The financial, quarterly and annual information reports do not have the same degree of detail and in-depth analysis and discussion of U.S. periodic reports. In fact, the information contained in such reports is generally considered to be poor by market analysts. In early 1999 the CVM has announced the intention to revise and amend CVM Instruction No. 202 to improve the standard of disclosure requirements. One of the intended goals is to require a more in-depth analysis of the company's results and operations. The wide support from Brazilian securities market to the new "ANBID's Code of Self-regulation for Transactions of Public Placement and Distribution of Securities in Brazil" has indicated a trend toward an improvement in the levels of disclosure of Brazilian prospectuses for local underwriting transactions. Until very recently, only companies with securities traded abroad had an level of disclosure in line with international standards. On the other hand, a substantial number of administrators of public companies are still reluctant to improve the level of disclose made to the public in an attempt to limit the information available to competitors. The CVM has commissioned a group of experts to prepare a new bill of law for a reform of the Corporation Law aimed at harmonizing accounting practices in Brazil with those prevailing on the world financial markets, based on the recommendations of the International Accounting Standards Committee (IASC). The bill proposes several changes in accounting statements, notably the replacement of the Statement in Financial Position (Demonstração das Origens e Aplicação de Recursos) for the Statement of Cash Flows (Demonstração de Fluxos de Caixa), and the introduction of a new Statement of Value Added (Demonstração de Valor Adicionado). A number of changes regarding the preparation of the Income Statement and the Balance Sheet have also been included in the bill to improve the quality of Brazilian accounting statements.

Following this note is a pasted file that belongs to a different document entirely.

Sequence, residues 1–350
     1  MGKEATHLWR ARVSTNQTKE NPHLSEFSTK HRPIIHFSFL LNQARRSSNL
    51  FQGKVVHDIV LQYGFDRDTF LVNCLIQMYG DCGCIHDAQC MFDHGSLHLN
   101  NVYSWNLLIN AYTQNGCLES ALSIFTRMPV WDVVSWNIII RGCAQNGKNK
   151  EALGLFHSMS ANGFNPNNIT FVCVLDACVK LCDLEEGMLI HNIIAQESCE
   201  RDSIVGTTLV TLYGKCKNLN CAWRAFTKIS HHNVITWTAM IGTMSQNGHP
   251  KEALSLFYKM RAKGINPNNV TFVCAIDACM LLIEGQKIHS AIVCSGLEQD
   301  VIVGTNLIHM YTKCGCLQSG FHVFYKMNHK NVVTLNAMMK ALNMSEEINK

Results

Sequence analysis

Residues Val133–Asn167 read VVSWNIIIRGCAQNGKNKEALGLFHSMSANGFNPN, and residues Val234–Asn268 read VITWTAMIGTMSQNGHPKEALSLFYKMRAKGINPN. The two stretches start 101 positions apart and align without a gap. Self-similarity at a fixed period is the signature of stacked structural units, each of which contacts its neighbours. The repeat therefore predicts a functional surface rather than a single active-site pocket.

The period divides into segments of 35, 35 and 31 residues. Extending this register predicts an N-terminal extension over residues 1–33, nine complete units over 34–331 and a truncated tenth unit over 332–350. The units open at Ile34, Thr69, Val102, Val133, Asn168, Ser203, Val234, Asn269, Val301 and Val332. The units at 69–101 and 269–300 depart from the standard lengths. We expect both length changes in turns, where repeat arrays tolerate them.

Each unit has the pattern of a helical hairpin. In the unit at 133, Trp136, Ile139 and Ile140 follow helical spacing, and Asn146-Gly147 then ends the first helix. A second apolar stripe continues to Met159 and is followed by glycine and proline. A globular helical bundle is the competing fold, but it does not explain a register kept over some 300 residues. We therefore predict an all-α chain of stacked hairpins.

One of the most polemical points of these modifications is that private companies (including limitadas, a type of company similar to the U.S. limited liability companies) with gross revenues superior to R$ 150 million or total assets higher than R$ 120 million, defined as Large Companies (Sociedades de Grande Porte) will be required to publish and file with the Board of Trade financial statements, in addition to being subject to the surveillance and regulatory powers of the CVM. The bill was submitted by the CVM to the Ministry of Finance and is expected to be sent by the Executive Branch of Government to the Congress in the near future.


Equitable Treatment of Shareholders

· Corporate governance rights and responsibilities can be guaranteed through a number of means including laws, regulations, stock exchange listing requirements or rulings of regulatory agencies. We would ask that the respondents specify the relevant statute, guideline or listing requirement for each provision.

3.1. - Please explain any provisions which give shareholders formal powers in relation to the